What you need to know
Macular Degeneration causes more cases of severe vision loss than cataracts and glaucoma combined. It is incurable and the damage done before treatment or surgery cannot be reversed. It happens when the macula, the central portion of the retina, deteriorates. That deterioration means that images aren't processed correctly. People can have wavy or blurred vision. Eventually, central vision can be completely lost and the patient may even lose the ability to see the faces of loved ones.
The most common type is age-related macular degeneration (AMD). AMD may be caused by both genetics and environmental factors. Scientists are working on learning for certain, but they're restrained by little funding for new studies. They do know that risk for AMD increases with age because it occurs mostly in those 55 and older.
People with a family history have a higher risk of developing AMD than those who lack that history. Caucasians are more likely to develop it than Black people or Hispanics/Latinos. Smoking doubles the risk! You can slow the progression of vision loss by making changes in diet, exercise, quitting or not starting smoking, and protecting the eyes from ultraviolet light with a great pair of UV protected sunglasses.
One form of macular degeneration, Stargardt’s disease, is found in younger people. It's caused by a recessive gene. That means that the parents probably don’t have the disease and might not be aware that they’re carriers.
Macular dystrophy, on the other hand, is rare. It leads to cell damage in the macula, which in turn leads to vision loss, and it has no cure. Those are the only similarities. The cause may often be a substance called lipofuscin building up in the cells of the macula. The lipofuscin blocks central vision, making it blurry or warped.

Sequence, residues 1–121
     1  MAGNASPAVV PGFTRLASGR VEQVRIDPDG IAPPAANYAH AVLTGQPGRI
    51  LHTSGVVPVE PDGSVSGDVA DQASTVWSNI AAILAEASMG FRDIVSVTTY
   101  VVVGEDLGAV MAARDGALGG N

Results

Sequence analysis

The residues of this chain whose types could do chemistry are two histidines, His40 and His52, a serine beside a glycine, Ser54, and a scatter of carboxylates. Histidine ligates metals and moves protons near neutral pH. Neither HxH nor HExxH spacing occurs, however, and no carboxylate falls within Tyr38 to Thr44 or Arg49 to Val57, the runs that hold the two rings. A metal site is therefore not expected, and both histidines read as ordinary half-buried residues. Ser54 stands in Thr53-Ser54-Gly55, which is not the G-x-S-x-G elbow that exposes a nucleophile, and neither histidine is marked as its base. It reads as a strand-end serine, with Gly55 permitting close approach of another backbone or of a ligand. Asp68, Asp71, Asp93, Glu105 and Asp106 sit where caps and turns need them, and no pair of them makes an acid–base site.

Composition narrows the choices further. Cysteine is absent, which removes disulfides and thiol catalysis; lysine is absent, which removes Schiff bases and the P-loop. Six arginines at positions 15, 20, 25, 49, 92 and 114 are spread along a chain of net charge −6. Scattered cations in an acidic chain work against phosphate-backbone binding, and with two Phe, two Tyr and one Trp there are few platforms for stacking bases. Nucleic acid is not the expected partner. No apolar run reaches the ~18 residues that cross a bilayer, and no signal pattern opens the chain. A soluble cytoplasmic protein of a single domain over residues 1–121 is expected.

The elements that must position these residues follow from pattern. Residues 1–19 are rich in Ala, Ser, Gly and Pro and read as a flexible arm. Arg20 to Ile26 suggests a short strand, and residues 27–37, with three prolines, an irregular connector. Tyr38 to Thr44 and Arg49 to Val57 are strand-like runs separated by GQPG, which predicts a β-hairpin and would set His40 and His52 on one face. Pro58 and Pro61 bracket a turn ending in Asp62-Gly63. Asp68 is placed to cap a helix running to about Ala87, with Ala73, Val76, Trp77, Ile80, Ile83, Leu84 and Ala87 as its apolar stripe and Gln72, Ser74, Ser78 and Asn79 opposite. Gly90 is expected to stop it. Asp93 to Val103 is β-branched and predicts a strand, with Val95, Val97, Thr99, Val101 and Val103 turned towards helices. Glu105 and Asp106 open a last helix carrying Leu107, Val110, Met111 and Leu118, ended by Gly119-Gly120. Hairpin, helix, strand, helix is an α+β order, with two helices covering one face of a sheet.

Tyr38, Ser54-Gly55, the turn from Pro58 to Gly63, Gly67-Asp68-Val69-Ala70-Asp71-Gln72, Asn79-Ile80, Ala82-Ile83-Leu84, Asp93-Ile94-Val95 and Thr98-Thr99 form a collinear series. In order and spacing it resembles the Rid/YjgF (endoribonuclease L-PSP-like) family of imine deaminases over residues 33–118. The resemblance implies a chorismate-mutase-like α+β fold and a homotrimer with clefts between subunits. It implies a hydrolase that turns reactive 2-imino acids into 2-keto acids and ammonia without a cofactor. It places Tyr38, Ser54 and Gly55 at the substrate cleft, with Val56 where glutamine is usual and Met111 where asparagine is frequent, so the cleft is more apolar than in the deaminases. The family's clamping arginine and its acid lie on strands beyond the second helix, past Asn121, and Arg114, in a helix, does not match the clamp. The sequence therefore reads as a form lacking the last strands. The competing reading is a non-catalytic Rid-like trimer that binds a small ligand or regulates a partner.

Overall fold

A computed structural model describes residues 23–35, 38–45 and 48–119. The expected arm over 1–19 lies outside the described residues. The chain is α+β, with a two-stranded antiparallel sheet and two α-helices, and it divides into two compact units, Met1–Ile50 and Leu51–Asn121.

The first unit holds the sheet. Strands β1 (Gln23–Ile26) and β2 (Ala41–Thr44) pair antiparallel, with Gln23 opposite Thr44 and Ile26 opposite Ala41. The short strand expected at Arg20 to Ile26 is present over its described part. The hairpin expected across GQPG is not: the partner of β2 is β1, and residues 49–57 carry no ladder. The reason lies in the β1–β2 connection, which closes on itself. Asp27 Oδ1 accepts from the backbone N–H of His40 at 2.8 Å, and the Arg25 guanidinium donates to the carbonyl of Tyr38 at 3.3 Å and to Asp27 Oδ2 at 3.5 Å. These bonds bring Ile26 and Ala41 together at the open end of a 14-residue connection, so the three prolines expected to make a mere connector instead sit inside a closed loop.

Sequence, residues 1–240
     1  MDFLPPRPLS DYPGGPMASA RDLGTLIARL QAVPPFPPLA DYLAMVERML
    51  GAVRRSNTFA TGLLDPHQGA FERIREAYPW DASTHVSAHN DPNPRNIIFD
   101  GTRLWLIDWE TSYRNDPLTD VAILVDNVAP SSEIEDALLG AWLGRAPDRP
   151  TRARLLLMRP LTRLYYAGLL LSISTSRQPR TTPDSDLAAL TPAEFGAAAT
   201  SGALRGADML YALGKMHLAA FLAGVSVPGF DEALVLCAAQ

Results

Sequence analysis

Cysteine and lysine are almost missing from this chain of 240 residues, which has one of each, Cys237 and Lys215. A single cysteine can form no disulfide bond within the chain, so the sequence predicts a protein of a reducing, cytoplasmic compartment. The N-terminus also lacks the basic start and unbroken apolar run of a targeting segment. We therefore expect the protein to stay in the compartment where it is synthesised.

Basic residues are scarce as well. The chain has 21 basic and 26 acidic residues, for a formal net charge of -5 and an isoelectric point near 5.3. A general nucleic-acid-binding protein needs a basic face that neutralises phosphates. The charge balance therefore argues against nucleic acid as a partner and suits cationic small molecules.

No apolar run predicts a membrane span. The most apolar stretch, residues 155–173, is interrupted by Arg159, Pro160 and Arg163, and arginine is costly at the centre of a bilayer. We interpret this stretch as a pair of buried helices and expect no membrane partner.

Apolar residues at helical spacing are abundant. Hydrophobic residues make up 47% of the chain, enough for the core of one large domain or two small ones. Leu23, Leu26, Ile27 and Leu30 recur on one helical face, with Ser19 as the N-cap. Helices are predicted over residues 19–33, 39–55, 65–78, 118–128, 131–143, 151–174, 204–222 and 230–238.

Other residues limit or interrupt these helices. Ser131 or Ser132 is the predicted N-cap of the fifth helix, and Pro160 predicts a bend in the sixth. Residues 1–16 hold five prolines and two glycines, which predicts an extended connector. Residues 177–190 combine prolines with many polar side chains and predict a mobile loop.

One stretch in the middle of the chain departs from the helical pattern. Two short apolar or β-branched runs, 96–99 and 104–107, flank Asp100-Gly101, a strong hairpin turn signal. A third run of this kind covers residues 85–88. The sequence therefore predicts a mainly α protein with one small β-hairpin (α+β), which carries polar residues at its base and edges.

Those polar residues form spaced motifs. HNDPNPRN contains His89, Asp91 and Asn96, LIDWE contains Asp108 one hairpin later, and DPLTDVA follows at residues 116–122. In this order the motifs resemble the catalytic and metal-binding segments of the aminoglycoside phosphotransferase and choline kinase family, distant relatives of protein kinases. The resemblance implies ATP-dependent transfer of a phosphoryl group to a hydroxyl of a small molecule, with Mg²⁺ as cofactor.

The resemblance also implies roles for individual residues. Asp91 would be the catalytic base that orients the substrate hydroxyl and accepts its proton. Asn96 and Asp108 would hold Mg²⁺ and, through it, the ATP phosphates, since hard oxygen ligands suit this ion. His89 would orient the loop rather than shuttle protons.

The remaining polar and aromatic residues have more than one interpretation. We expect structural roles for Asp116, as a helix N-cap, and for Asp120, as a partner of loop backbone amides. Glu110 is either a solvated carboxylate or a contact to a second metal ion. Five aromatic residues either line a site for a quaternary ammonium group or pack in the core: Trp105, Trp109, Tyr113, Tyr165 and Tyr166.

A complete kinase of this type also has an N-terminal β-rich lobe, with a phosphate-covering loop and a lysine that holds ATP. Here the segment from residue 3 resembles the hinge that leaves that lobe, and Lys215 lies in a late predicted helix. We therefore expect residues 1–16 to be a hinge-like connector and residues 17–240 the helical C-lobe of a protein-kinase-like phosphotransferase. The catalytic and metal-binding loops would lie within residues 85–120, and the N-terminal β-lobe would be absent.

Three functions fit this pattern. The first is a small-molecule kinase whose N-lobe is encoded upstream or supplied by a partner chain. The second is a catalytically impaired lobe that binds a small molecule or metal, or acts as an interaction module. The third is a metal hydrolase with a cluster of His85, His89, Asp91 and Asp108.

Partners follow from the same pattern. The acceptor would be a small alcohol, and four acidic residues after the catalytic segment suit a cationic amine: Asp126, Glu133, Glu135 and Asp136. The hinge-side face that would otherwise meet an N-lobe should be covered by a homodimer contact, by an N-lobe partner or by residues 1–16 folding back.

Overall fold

There are quite a few types of macular dystrophy but a few more common ones. Best Disease presents in children while Vitelliform Macular Dystrophy presents in adults, but the dystrophies are thought to be within the same family. Best Disease is definitely inherited (related to a gene called BEST1). If a parent has Best Disease, the chance of their child developing it is high. It develops between the ages of 3 and 15, but may not be diagnosed until the start of vision loss later in life.
Vitelliform Macular Dystrophy may or may not be genetic. Scientists have isolated the gene (PRPH2), but less than a quarter of people who develop the disease have the mutated gene. They don’t know what causes the majority of cases. Part of the problem is that each case of both diseases is unique to the person who has it.
Macular degeneration and macular dystrophy both attack the macular portion of the retina, destroy central vision, and neither can be cured. Once they do damage, it cannot be reversed, but it can sometimes be treated. More research is needed before both are understood fully. Do you or someone you know suffer from macular dystrophy? Let us know!
Dr. Jenna Zigler
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by Dr. Jenna Zigler | Posted in 55 and older, AMD, amd risk, AMD risk increases with age, Best Disease, BEST1, blocks central vision, blurred vision, cataracts, cell damage, child developing vision loss, Dr. Jenna Zigler, Dr. Travis Zigler, environmental factors, genetics, glaucoma, highlights, incurable, macula, macular degeneration, macular dystrophy, mutated gene, no cure, Ocular Health Formula, PRPH2, rare, retina, severe vision loss, Stargardt’s disease, treatment, vision loss, vision loss in young people, Vitelliform Macular dystrophy, warped vision, wavy vision, what you need to know and younger people | |
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